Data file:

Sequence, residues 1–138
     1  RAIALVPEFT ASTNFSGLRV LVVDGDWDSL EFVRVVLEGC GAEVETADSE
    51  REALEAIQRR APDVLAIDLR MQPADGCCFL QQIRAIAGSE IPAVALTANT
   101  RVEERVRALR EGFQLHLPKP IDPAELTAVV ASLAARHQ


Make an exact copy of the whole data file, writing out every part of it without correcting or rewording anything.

Sequence, residues 1–138
     1  RAIALVPEFT ASTNFSGLRV LVVDGDWDSL EFVRVVLEGC GAEVETADSE
    51  REALEAIQRR APDVLAIDLR MQPADGCCFL QQIRAIAGSE IPAVALTANT
   101  RVEERVRALR EGFQLHLPKP IDPAELTAVV ASLAARHQ